- Physically courageous acts and positions, like military service, police and law enforcement, and athletics
- criminal courts
- Metals and heavy machinery, factories, copper and steel manufacturing and mining
- Mechanical engineering
- merchants, sales
- Horses, horse training, jockeying, horse racing and tracks, stables, horseback duties (especially law enforcement on horseback)
- Involvement in transportation, depots
When Chandra is in Aśvinī it is most auspicious to engage in:
- All self-improvement activities
- Adopting a spiritual name
- Creating an altar
- Engaging in all practices of yoga
- Healing meditations, taking special herbs and elixirs
As with all Nakṣatras, there are both auspicious and inauspicious characteristics to be considered. A day in which Candra is in Aśvinī…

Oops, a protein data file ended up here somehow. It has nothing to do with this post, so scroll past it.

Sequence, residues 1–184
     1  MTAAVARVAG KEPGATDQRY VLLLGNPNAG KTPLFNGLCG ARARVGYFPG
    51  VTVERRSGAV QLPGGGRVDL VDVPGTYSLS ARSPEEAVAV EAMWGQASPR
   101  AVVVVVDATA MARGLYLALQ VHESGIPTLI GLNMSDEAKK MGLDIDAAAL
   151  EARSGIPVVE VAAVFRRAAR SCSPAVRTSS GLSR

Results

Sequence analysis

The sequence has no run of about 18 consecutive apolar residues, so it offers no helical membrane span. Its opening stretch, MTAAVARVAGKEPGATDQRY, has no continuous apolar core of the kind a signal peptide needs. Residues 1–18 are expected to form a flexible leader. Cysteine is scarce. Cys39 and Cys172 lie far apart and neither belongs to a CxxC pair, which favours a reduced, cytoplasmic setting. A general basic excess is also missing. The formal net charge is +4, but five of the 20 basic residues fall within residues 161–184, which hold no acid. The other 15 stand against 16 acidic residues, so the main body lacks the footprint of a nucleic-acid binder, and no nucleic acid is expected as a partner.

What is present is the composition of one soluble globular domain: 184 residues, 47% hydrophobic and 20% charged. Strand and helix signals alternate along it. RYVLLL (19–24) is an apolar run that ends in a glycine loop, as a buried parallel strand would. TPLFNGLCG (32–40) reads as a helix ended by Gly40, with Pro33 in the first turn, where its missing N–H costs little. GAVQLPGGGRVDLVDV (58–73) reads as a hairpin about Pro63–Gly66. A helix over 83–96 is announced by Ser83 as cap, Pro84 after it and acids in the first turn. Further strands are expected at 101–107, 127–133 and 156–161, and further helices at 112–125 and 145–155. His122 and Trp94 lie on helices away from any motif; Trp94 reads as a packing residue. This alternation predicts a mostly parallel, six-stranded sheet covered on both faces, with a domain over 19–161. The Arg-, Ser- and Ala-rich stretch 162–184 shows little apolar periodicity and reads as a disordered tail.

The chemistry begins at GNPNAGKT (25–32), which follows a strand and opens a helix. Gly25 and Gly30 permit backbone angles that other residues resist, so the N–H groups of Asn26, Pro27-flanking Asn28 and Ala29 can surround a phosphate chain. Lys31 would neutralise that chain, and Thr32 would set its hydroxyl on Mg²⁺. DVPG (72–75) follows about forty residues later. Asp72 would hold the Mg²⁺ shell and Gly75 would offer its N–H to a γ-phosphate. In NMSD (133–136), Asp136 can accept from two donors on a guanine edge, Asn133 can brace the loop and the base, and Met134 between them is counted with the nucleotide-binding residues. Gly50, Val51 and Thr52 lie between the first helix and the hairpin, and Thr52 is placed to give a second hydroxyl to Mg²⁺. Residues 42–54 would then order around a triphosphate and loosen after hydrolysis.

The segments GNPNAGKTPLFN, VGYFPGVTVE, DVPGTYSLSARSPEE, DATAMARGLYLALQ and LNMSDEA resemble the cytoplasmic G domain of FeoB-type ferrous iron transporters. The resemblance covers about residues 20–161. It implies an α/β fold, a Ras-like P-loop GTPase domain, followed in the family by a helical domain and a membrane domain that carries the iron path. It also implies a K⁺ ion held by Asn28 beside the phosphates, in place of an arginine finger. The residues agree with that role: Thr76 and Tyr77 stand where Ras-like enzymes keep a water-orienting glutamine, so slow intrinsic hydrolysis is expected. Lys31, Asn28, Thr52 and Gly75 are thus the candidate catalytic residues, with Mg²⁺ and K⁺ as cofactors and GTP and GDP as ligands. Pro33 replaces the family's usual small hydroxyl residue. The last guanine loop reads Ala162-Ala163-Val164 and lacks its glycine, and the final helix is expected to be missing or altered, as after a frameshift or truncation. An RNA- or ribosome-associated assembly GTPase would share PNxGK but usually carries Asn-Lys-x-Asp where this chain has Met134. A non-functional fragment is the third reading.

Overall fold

Ayurveda & Health Factors
Aśvinī rules over the knees and the upper part of the feet.
Aśvinī can be/is often responsible for head injuries and headaches, as well as diseases like mental illness, smallpox, and malaria.
Aśvinī, however, has powerful potential for improvement of personal health, so healing meditations and taking special herbs and elixirs should be performed on this day if necessary. The power of the Aśvinī Kumaras offers Aśvinī natives a great healing touch and regenerative potential. If other indications agree, one may be quick to heal, recover from, or withstand health problems, no matter the cause.
Dennis Harness. The Nakshatras ↩
Bepin Behari. Fundamentals of Vedic Astrology. p. 60 ↩
deFouw & Svoboda. Light on Life. p. 217 ↩
Mark Cartwright. Ancient History Encyclopedia. ↩
Komilla Sutton. The Nakshatras. pp. 37-38. ↩
Komilla Sutton. The Nakshatras. pp. 37-38. ↩